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By Pete Williams

WASHINGTON — Rod Rosenstein was “one of the Justice Department’s most important leaders in its history,” former Attorney General Jeff Sessions said Thursday at a farewell ceremony for Rosenstein.

Rosenstein, who as deputy attorney general supervised special counsel Robert Mueller’s investigation, steps down on Saturday. President Donald Trump has nominated Jeffrey Rosen, the deputy secretary of the Department of Transportation, to be his successor. The full Senate could vote on the nomination as early as Monday.

On Thursday, Rosenstein was praised by Sessions, Attorney General William Barr, FBI Director Chris Wray and other officials during a ceremony in the Justice Department’s ornate Great Hall.

Barr was deputy attorney general when Rosenstein first arrived at the Justice Department in 1990.

“In those days, the deputy job was a lot different. But I’ll tell you now, the attorney general job is a lot different also. This must be a record, of an attorney general being proposed for contempt within 100 days of taking office,” Barr said with a smile.

Reviewing Rosenstein’s record, Barr said: “As a law student at Harvard, Rod interned in the U.S. Attorney’s office in the district of Massachusetts, and the acting U.S. Attorney in that office at the time was none other than Bob Mueller. Bob went on to be assistant attorney general for the Criminal Division where Rod was first assigned as an honors program lawyer. Little did we know that we’d be getting the old band back together again.”

Sessions noted that Rosenstein served during an especially turbulent time.

“When we came in, I had no doubt there would be a lot of controversies during my tenure,” Sessions said. “The office of attorney general frequently finds itself at the vortex of law and politics and separation of powers. But in truth, I have to say, our run exceeded my expectations.”

It was Rosenstein who called for a special counsel and appointed Mueller to lead the investigation, after Sessions recused himself from the Russian meddling investigation because of his role in the Trump campaign.

“He stayed the course during some of the most difficult times in the history of the department,” Sessions said.



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Politics

Boris Johnson set to axe £30billion from EU divorce bill – 'Brussels will need whip round'

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BORIS JOHNSON is set to tell European Union leaders that Britain will not pay the £39billion Brexit divorce bill in the event of a no deal Brexit.

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Biden takes 3rd crack at New Hampshire presidential primary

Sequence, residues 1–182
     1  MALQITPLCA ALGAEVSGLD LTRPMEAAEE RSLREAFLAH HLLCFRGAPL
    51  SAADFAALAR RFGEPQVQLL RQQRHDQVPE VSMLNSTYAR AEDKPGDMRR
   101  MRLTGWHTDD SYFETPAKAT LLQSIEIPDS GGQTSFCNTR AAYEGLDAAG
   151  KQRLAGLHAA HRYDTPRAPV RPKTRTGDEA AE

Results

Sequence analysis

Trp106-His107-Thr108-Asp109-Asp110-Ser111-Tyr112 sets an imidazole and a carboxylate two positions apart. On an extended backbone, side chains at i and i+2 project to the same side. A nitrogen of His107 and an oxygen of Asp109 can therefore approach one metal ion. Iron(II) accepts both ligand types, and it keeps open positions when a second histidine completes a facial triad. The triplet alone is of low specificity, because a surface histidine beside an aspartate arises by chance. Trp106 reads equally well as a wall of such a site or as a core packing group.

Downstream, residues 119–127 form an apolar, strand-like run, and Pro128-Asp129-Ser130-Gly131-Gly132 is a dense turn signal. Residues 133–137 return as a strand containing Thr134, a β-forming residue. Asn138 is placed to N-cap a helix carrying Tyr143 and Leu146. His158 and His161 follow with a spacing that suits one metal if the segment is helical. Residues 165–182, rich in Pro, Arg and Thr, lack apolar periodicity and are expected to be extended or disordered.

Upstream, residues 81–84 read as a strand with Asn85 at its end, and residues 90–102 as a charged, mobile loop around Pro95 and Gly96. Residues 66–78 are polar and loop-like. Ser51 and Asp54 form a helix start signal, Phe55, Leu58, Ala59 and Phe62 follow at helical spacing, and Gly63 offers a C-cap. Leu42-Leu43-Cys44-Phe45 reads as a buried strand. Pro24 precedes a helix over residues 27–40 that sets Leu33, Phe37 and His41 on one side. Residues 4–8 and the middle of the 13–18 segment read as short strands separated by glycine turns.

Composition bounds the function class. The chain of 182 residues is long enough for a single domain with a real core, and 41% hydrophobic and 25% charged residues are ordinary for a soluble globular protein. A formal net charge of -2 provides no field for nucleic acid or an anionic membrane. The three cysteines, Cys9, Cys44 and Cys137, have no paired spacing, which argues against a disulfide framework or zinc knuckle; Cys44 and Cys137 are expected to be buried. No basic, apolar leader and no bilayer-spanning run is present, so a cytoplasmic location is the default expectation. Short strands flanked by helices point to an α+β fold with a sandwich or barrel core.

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The former vice president is well known in the state, but in unfamiliar territory as the Democratic front-runner.

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Trump jumps into N. Carolina special election, ties Democrat to ‘the squad’

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President Donald Trump says he will rally in North Carolina in support of Republican Dan Bishop, who is running for Congress in a special election after voter fraud allegations tainted a 2018 race in the state’s 9th District.

“Looking forward to soon being in North Carolina to hold a big rally for wonderful Dan Bishop, who is running for Congress,” Trump wrote in a tweet Thursday night before attacking Bishop’s Democratic opponent, Dan McCready, without naming him directly. “His opponent wants Open Borders, Sanctuary Cities, and Socialism. He likes the ‘Squad’ more than North Carolina. Dan has my Full and Complete Endorsement!”

Trump didn’t announce a date or time for the rally, but it won’t be the first time he appears with the North Carolina Republican candidate; Bishop, a state senator, spoke briefly at a Trump rally last month.

And as pundits point to the race as an early indicator of the 2020 election cycle, Trump seems keen on deploying his own re-election strategy: tying Democrats to its most progressive fringes, particularly the young, female liberal lawmakers known as “the squad.”

Bishop is running against McCready, a Marine Corps veteran who lost a race for the seat last year against another Republican, Mark Harris. That election result was thrown out earlier this year amid allegations of absentee voter fraud against Harris’ campaign. Harris declined to run again and Bishop won a spring primary for the race.

While political pollsters have yet to give the race much attention, recent internal polling from the McCready campaign showed the candidates in a tie among likely voters in the special election Sept. 10.

Already, national politics have dogged this closely watched race: McCready returned a $2,000 donation from the campaign of squad member Rep. Ilhan Omar, D-Minn., this spring, amid controversy over her remarks about Israel.

McCready responded to Trump’s tweet with a call for donations.

“Look, we expected these attacks, but we cannot let them go unanswered,” he wrote in a tweet.



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